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Old 09-17-2013, 11:51 AM   #61
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Guys...I think we need to talk about something. It's going to be difficult, but I think it needs to be done:

WTF is going on with The Michael J. Fox show? I just watched the long trailer for it to finally see just what the premise of it was, beyond Michael J. Fox - The Man with Parkinson's. By the time the trailer was over, I'd laughed out loud and hard twice, but I felt horrible about it. I mean, he's the one making the jokes, so laughing should be OK? Right? I mean, he's cool with it, but...

The simple fact of the matter is: How can this show fail? Who is going to be the critic to have the audacity to pan Michael J. Fox the show?

Your Thoughts?
I'm sure I could watch it and find something negative to say. I watched the trailer and thought well shit, that looks like it would be amusing. But I also got the sense that its best jokes were in that trailer. That thing they do where the characters have to sit and talk into the camera like they're on a reality show? How have we not figured out how annoying that is yet?
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Old 09-17-2013, 07:27 PM   #62
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I felt horrible laughing at the part at the end where he was trying to serve the corn or whatever it was, but, again... I was supposed to laugh... So...
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Old 09-17-2013, 09:45 PM   #63
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He was great in Curb.

My question is will I be posting to myself in the HIMYM thread this year?
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Old 09-17-2013, 11:18 PM   #64
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I gotta catch up with the second half of the season and then I'll join you.
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Old 09-19-2013, 03:27 AM   #65
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So, I hadn't realized that so many cast members won't be returning for the new season of SNL. I knew Meyers is leaving when it's time for him to replace Fallon, and there have been rumors about Sudeikis for a long time, but I just found out that Hader(the biggest loss IMO) and Armisen are also gone. To lose all four of them on the heels of having lost Wiig and Samberg is a big blow.

This could be one of those transitionary(read:bad) seasons that leads to a total cast overhaul. I mean, there are only going to be seven 'repertory' players, and that includes Meyers, who will be gone midseason. It could be a long season.
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Old 09-19-2013, 10:40 AM   #66
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The transitional seasons are generally the most interesting. New talent emerges, folks stuck in the background for a season come up through the ranks. Smaller casts allows for increased visibility and personability. Hader, Sudeikis, Wiig, Samberg all came from a season of high turnover and needed a chance to gel.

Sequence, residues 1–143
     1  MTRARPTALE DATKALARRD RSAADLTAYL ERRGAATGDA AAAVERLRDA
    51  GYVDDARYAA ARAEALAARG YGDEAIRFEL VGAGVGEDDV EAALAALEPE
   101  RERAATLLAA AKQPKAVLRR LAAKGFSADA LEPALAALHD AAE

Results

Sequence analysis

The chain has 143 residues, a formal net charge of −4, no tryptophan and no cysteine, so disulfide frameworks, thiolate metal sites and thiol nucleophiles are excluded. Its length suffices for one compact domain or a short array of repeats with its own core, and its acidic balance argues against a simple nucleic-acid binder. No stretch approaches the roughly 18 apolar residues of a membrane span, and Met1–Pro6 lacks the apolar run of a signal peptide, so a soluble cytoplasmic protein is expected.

Cicely Strong on Update is my favorite new adjustment.
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Old 09-19-2013, 11:41 AM   #67
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We're not already in the midst of a reaalllly bad SNL period?
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Old 09-19-2013, 12:27 PM   #68
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When digital shorts or certain skits have floated around the internet I always watch, but, since Will Ferrell left I have actually sat down and watched just one episode, and it was the one Arcade Fire was on. It's funny how I can not watch that show for that long and yet still know a decent amount about it....thank you internet.

I wish Sergio the Sax Man would show up again. He haunts my dreams.
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Old 09-19-2013, 02:45 PM   #69
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I only found a few of the digital shorts all that funny, and really I kinda hated them because they went against the entire purpose of the show.
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Old 09-19-2013, 03:14 PM   #70
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The transitional seasons are generally the most interesting. New talent emerges, folks stuck in the background for a season come up through the ranks. Smaller casts allows for increased visibility and personability. Hader, Sudeikis, Wiig, Samberg all came from a season of high turnover and needed a chance to gel.

Cicely Strong on Update is my favorite new adjustment.
I agree that they can be interesting, but still, when you lose that many mainstays and you only have seven repertory players going in, it seems likely that it's going to be a relatively rocky season with some people getting bigger roles than they had before, some people being featured more, the cast finding new chemistry, etc.

I fully agree about Cicely Strong. I like her a lot.

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We're not already in the midst of a reaalllly bad SNL period?
I think there have been worse. Some points during the Fey/Fallon/Sanz era, for example. Also, I remember when U2 were on in 2004, people were complaining about what they had to sit through to get to U2(actually what I remember most was how into it the cast was when they played I Will Follow). I think every era has its good points and bad points.

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When digital shorts or certain skits have floated around the internet I always watch, but, since Will Ferrell left I have actually sat down and watched just one episode, and it was the one Arcade Fire was on. It's funny how I can not watch that show for that long and yet still know a decent amount about it....thank you internet.

I wish Sergio the Sax Man would show up again. He haunts my dreams.
I don't watch it consistently either, although I do tend to watch it more at politically heightened times to see what kind of satire they come up with. And Weekend Update is still the highlight of the show for me(unless there's a good musical guest). I'm actually going to miss Seth Meyers.

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I only found a few of the digital shorts all that funny, and really I kinda hated them because they went against the entire purpose of the show.
I don't know about going against the purpose, but I'll admit to never fully embracing the Lonely Island stuff as much as some people have.
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Old 09-19-2013, 03:35 PM   #71